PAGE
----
Cuts to council budgets in Scotland could total £700 million by the end of this parliament according to a new report.
This is on top of over £1 billion already slashed in the past five years.
The think tank figures, commissioned by a group of Labour councils, were published ahead of the Scottish National Party (SNP) government’s budget announcement on Thursday.
It argued that councils would see a 10 percent funding cut if the SNP continues to implement Tory austerity and sticks to its manifesto promises.
The SNP committed to increase NHS spending by £500 million more than inflation over five years.
It also said it will maintain police funding and expand free childcare provision by an extra £500 million.
Labour argues the report it has sponsored blows a hole in SNP claims to have kept council funding settlements broadly the same. The SNP, predictably, argues the opposite.
But ordinary people are suffering while the politicians sling mud at one another ahead of the council elections in May.
Day care and community centres have been closed. Mental health and social care services are being obliterated. And council workers’ jobs and conditions are under attack.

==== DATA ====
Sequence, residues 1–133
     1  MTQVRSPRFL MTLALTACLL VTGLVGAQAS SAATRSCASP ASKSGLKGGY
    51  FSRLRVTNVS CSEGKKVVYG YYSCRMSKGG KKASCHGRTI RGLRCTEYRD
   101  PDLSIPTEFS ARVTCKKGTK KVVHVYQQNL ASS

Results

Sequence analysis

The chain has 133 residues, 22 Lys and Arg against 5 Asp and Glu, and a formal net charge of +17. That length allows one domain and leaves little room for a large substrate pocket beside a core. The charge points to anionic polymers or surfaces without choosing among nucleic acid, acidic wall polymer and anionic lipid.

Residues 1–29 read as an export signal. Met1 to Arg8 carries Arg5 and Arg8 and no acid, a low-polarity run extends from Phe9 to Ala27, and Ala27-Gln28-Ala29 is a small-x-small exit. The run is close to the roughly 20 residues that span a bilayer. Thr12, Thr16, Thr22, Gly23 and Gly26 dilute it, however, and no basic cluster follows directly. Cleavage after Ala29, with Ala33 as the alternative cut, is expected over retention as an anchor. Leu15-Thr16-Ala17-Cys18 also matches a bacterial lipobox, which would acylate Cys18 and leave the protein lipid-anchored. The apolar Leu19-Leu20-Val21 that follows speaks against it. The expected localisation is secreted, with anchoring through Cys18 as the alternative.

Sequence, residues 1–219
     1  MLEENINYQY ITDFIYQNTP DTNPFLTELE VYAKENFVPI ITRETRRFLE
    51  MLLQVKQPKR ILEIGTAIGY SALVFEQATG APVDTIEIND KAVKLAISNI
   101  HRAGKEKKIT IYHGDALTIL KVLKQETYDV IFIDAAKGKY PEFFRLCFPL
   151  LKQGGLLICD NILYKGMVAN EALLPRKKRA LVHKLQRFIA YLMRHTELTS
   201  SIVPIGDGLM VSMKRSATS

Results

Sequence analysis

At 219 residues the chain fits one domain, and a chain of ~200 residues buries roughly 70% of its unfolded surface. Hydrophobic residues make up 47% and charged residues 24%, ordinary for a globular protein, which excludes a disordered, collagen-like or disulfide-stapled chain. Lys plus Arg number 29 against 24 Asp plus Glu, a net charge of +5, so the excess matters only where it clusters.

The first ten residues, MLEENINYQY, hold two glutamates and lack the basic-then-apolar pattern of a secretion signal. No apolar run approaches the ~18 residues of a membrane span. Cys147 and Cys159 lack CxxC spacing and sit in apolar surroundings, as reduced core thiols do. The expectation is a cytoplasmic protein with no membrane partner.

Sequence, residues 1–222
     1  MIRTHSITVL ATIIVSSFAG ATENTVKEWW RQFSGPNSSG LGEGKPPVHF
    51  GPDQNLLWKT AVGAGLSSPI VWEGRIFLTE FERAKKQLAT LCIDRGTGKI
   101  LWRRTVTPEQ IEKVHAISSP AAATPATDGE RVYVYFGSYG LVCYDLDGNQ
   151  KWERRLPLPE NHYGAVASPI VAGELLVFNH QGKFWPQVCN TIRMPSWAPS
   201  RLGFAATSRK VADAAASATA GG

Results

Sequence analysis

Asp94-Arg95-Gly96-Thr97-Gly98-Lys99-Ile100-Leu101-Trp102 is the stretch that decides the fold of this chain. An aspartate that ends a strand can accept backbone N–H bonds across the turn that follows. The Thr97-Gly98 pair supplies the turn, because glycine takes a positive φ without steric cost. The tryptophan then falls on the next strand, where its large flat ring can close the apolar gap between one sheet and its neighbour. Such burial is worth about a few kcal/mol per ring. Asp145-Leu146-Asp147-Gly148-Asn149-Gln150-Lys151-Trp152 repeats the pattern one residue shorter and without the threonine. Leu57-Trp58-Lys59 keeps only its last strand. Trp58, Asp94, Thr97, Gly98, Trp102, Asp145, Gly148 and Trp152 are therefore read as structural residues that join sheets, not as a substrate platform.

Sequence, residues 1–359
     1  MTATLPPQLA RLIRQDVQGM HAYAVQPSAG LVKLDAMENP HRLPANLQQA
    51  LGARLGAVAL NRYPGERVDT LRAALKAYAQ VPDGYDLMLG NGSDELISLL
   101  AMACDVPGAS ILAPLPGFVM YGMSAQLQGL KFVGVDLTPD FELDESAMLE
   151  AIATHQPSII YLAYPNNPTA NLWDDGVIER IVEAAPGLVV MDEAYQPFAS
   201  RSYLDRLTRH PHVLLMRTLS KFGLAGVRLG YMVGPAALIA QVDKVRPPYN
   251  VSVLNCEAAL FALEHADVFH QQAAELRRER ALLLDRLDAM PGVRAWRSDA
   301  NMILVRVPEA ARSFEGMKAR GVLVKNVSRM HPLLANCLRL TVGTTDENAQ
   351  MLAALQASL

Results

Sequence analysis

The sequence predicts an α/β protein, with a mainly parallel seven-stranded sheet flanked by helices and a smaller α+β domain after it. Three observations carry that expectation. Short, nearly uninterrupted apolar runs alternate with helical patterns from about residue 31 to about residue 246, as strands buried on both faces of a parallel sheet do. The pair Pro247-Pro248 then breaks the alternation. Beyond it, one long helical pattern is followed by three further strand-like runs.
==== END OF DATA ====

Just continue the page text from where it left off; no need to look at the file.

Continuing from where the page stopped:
Some 7,000 local government jobs in Scotland have been cut this year alone.
Union leaders in Scotland don’t seem to have the stomach for a real fight over the constant attacks from whichever party runs the local council.
The May elections provide an opportunity to launch industrial action that can wring concessions from politicians when they are more vulnerable to pressure.
Bitterness and anger is rising against both Labour and the SNP.
Everywhere outsourcing and privatisation are on the rise.
Councillors who claim to be anti-austerity bleat on about having to make “difficult choices” as they axe our services.
A new electoral alliance has formed against the cuts in SNP-run Dundee for May.
The ruling Labour councillors fear another electoral wipe out for their party in Glasgow and other parts of Scotland. Some deselected Labour candidates in North Lanarkshire are now set to run against their former colleagues.
Council workers in Glasgow give an example of the resistance that is needed across the board.
School janitors working for an outsourced council-run firm are battling to regain benefits lost when Labour hived them off years ago. They went on strike again for five days on Monday.
These fights must be brought together—not just in Glasgow but at every council across Scotland